Protestors plan to mount stronger Tesco campaign

SHOW OF SUPPORT: Protestors gathered outside the Black Bull pub to fight Tesco's plan take over the ground floor of the building. (d23081183)

SHOW OF SUPPORT: Protestors gathered outside the Black Bull pub to fight Tesco's plan take over the ground floor of the building. (d23081183)

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A RALLY is planned for people protesting against plans for a Tesco store in a former pub.

On Tuesday more than 100 protesters met outside the Black Bull Pub, in Huddersfield Road, then walked with ‘Say no to Tesco’ banners to St Paul’s Church.

CAMPAIGNING: Stuart Naisbett, Mayor of Mirfield Coun Pat Sutcliffe and Martin Ibberson make their point clear.

CAMPAIGNING: Stuart Naisbett, Mayor of Mirfield Coun Pat Sutcliffe and Martin Ibberson make their point clear.

There they held a protest meeting and discussed how to fight Tesco’s plans to convert the bottom floor of the pub into an Express shop,

During the meeting MP Simon Reevell suggested a rally, which is now planned for Saturday September 3.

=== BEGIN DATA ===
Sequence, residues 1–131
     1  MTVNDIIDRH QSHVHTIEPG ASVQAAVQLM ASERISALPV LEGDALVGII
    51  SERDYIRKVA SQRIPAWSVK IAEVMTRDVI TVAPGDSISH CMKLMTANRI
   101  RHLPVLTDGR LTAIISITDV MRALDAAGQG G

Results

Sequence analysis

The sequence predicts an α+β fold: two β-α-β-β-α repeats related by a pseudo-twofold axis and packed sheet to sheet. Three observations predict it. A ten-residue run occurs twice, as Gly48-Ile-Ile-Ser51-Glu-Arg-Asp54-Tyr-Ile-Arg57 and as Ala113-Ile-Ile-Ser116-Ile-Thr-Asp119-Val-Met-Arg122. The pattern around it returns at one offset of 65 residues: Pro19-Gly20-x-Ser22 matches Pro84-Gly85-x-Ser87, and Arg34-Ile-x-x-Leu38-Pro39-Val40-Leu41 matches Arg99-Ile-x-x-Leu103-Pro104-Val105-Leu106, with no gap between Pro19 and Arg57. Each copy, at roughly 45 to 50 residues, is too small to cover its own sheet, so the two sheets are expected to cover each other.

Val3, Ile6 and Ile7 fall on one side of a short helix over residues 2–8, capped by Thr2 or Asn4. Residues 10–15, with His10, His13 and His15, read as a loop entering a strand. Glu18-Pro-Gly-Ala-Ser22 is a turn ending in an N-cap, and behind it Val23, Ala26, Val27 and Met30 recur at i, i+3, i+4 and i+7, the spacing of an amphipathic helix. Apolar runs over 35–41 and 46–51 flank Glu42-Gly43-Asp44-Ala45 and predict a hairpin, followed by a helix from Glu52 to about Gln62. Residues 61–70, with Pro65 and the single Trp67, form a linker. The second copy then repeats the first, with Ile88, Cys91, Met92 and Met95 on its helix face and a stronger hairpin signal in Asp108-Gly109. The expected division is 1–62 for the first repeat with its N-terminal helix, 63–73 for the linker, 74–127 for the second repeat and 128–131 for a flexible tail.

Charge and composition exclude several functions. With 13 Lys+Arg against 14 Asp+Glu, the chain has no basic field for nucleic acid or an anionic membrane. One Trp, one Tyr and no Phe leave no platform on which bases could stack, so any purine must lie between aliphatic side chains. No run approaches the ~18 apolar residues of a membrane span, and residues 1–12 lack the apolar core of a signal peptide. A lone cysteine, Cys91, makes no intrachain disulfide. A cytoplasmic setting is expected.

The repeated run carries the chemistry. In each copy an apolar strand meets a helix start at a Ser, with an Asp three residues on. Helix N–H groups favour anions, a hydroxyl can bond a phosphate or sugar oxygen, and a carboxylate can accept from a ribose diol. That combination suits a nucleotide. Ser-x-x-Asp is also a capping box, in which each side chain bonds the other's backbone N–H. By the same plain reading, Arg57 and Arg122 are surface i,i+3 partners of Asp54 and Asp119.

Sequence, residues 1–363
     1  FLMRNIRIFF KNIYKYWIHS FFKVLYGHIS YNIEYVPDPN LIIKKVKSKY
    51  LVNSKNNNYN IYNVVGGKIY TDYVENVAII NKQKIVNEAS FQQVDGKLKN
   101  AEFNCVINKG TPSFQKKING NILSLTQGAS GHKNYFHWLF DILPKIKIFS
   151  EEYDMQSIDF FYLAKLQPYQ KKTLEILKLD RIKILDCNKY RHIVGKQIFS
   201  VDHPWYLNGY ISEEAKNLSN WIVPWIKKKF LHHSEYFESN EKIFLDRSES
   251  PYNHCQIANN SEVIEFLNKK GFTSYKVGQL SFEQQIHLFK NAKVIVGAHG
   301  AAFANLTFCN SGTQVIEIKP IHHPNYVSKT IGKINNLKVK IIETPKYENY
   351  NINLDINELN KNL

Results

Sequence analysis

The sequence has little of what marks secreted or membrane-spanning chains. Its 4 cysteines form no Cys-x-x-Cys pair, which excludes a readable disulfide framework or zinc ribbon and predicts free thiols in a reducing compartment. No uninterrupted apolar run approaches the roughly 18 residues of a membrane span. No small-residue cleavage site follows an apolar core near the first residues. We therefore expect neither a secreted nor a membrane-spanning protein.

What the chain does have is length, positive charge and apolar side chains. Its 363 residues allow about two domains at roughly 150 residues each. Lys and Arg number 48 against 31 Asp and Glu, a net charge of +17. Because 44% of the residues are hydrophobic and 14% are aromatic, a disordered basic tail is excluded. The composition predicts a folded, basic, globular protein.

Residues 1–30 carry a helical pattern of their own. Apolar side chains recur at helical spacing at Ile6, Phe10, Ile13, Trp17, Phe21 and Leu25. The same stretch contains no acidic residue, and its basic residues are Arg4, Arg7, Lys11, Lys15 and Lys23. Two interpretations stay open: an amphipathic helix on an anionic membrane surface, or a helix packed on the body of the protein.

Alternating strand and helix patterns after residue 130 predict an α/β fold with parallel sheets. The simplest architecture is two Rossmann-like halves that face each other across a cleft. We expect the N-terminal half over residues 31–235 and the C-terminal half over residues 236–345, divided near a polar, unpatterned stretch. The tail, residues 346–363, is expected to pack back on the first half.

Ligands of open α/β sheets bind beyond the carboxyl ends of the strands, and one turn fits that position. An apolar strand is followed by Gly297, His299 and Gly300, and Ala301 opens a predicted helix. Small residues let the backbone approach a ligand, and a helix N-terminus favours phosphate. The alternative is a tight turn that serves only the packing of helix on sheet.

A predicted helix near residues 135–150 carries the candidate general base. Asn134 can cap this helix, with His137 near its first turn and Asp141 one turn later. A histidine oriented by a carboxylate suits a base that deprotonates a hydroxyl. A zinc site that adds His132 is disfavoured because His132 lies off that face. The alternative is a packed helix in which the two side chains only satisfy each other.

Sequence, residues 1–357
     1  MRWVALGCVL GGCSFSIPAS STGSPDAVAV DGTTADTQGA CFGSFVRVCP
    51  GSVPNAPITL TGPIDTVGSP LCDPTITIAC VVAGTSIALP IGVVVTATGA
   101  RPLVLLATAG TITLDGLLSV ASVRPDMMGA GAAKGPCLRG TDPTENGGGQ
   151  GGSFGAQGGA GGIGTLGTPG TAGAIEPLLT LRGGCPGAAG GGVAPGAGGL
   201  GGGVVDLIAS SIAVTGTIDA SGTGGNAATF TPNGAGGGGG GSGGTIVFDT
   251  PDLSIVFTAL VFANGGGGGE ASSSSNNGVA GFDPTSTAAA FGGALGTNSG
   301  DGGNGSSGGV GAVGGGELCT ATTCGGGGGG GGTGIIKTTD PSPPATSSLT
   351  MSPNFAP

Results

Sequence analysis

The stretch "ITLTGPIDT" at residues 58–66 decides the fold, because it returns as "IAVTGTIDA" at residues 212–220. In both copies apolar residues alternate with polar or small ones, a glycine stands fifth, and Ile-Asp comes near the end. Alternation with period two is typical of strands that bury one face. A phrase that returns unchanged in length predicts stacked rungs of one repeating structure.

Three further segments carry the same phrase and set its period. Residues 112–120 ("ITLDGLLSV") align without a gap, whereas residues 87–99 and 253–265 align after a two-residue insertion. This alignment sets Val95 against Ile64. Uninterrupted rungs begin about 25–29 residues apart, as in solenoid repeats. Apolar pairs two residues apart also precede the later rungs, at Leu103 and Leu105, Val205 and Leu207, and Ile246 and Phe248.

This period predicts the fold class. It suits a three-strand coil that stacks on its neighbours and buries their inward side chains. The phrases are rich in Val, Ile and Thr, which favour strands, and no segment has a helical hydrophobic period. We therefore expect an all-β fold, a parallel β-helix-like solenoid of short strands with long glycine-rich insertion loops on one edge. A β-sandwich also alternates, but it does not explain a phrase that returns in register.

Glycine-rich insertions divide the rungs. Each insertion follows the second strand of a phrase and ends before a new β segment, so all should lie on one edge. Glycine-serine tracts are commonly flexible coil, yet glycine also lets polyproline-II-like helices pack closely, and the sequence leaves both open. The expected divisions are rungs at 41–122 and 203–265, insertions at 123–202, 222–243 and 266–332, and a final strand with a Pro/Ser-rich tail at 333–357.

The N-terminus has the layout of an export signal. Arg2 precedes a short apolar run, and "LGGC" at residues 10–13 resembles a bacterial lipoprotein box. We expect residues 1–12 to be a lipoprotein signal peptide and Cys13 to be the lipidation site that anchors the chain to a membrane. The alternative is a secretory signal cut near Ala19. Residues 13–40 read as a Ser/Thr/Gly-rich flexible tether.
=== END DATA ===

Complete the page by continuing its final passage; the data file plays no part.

After the meeting Mirfield Action Group was formed to kickstart the anti-Tesco.

The group hopes to delay councillors making a decision on Tesco’s seven planning applications and build up enough support to convince Tesco that moving to Mirfield would be a commercial mistake.

It plans to distribute 5,000 leaflets and put a banner on Mirfield Showground to promote the protest. It is also encouraging people to write to Kirklees Council’s planning department before Tuesday.

Tesco’s applications may be delayed by butcher Chris Ramsden’s claim that he owns the land that Tesco plans to use as a car park.

Coun Martyn Bolt (Con, Mirfield) said some of the land would be out of Tesco’s hands because it was part of Princess Street and that Kirklees Council’s heritage department had its own objections.

However, Tesco does not have to apply for planning permission to set-up a shop in the Black Bull in principle, as this is not classed as a change of use of the building.

The seven applications submitted by Tesco are for external works such as the car park and a cash machine.

Mr Reevell has invited a Tesco executive to visit Mirfield and hear shopkeepers’ concerns.

Mr Reevell said that even if the planning committee turned down Tesco’s planning applications, that may not stop it opening the actual store.

He said it was important for campaigners to establish the level of opposition and for Tesco to listen to the wishes of all the people of Mirfield.

Mr Reevell added: “If there are 30 or 40 people at the rally a week on Saturday then Tesco can say it is entitled to come, but if 1,000 people come, Tesco will have to listen.”

Mr Reevell added that he hoped the government’s Localism Bill would give residents more say on planning issues in future.

The rally is at 10.30am at Mirfield Showground on September 3.